This is especially important when you’re transitioning and vegan cooking still feels like a brave new world. Nine times out of ten, I’ll opt to use cashew cheese in a recipe rather than Daiya (a melty, commercial vegan cheese); coconut oil in place of Earth Balance (vegan butter); or grilled tofu in place of Beyond Chicken (grilled strips of soy and pea protein that taste shockingly like chicken).

But when I’m aiming for totally authentic, precise results, vegan substitute products can go a long way, and it’s comforting to know that they’re an option if I feel like taking a shortcut.

Vegan sugar cookies, made with Earth Balance. Photo by Linda Xiao

9) Make vegan food for everyone.

Fun fact: Soon after I became vegan, I became a raw foodist for several years. Which meant that in addition to challenging my mom’s traditional Greek palate with totally meatless and dairy-free food, I was also asking her to get behind raw kale salads and strange, exotic nut pâtés.

Over time, I learned to create vegan food with greater sensitivity to others’ tastes and traditions. I love a lot of really crunchy fare, from the aforementioned raw kale salad to tofu, sprouts, and grain bowls. And I know a lot of other folks who love these dishes, too. But sometimes being an ambassador of vegan food means knowing how to create dishes that feel familiar and appeal to a wide array of more conservative palates, like vegan lasagna, shepherd’s pie, or sloppy Joes.

And, if you’re trying to dispel the idea that all vegans eat is salad and prove that vegan food can be filling and hearty, then it’s all the more important to create dishes that evoke a sense of comfort.

Vegan lasagna with tofu ricotta and roasted vegetables. Photo by James Ransom

10) Find community.

Change feels a lot less daunting when you have company. If your family and friends aren’t exploring veganism along with you, then find community in other ways. Explore a vegan meetup or potluck in your community. Become a regular commenter on vegan food blogs. If you do have a friend who’s interested in plant-based cooking, invite him or her over for some recipe testing.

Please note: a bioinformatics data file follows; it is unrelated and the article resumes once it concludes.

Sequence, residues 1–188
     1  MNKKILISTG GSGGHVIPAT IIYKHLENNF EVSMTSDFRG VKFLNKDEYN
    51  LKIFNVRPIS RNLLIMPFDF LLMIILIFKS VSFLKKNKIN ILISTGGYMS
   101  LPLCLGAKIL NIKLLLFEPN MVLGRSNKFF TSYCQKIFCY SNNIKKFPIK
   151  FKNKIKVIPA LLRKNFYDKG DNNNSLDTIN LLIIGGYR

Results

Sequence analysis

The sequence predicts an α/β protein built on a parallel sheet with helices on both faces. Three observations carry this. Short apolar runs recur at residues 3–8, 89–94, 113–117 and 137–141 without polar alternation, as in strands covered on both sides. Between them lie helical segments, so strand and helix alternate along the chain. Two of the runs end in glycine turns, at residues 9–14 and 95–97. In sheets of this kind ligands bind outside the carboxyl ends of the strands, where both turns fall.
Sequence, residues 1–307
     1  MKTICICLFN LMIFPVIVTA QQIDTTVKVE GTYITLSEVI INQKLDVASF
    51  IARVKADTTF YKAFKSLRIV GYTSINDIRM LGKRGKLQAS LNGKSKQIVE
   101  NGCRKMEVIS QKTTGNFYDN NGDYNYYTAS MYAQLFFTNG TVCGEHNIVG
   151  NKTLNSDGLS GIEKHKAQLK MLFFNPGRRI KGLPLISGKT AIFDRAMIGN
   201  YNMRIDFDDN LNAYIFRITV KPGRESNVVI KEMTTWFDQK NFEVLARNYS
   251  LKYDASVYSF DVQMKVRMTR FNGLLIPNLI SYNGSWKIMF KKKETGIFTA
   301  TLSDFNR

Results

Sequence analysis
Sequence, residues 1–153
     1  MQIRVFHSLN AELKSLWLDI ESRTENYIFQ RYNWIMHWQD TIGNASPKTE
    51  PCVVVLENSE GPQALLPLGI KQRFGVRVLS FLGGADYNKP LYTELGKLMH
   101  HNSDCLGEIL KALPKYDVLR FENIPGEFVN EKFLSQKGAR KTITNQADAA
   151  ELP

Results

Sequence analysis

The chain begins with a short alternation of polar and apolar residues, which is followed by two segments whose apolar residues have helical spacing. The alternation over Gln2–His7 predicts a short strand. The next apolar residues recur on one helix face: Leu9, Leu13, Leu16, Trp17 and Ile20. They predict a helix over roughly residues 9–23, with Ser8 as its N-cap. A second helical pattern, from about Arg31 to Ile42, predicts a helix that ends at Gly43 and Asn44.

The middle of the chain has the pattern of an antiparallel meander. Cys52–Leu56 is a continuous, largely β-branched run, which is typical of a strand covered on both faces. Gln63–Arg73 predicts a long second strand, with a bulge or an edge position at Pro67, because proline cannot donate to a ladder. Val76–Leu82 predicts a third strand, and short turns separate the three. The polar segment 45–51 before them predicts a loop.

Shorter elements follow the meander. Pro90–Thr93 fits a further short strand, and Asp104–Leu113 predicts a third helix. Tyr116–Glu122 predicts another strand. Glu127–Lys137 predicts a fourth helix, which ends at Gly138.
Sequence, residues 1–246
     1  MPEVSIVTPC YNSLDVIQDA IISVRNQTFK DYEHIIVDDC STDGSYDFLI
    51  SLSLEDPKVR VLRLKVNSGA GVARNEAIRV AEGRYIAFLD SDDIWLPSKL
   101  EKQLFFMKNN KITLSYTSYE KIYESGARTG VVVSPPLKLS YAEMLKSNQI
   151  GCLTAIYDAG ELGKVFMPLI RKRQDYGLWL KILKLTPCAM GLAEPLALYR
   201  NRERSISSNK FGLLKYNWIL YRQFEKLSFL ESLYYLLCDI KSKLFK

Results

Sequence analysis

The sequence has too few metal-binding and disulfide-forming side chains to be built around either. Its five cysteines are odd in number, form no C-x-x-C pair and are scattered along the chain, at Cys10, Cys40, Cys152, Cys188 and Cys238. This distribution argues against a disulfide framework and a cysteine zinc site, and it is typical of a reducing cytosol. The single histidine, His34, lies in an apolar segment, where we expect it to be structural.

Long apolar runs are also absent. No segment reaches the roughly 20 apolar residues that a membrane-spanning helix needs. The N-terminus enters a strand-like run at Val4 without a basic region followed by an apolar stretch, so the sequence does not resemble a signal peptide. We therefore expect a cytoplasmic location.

Studies show that failure to stick with a vegan or vegetarian lifestyle is often attributed to feeling “different” or isolated. Food is all about community and sharing, so do your best to share this lifestyle with people you care about—even if they’re not making the change along with you.

Feeling less daunted? Here are 10 recipes to get you started:

Do you think you could be vegan for a week? How about a month? Tell us in the comments!

Order now

The Food52 Vegan Cookbook is here! With this book from Gena Hamshaw, anyone can learn how to eat more plants (and along the way, how to cook with and love cashew cheese, tofu, and nutritional yeast).

Order now

See what other Food52 readers are saying.

  • Lucia Peniston
    Lucia Peniston
  • bellw67
  • Sammy
  • Sarah
  • foodpornveganstyle
Gena is a registered dietitian, recipe developer, and food blogger. She's the author of three cookbooks, including Power Plates (2017) and Food52 Vegan (2015). She enjoys cooking vegetables, making bread, and challenging herself with vegan baking projects.


Lucia P. February 2, 2017
hi. isn't tofu bad for you... soy and soy related products harmful especially autoimmune diseases affected by soy like hypothyroidism. Is miso just as bad ? thank you.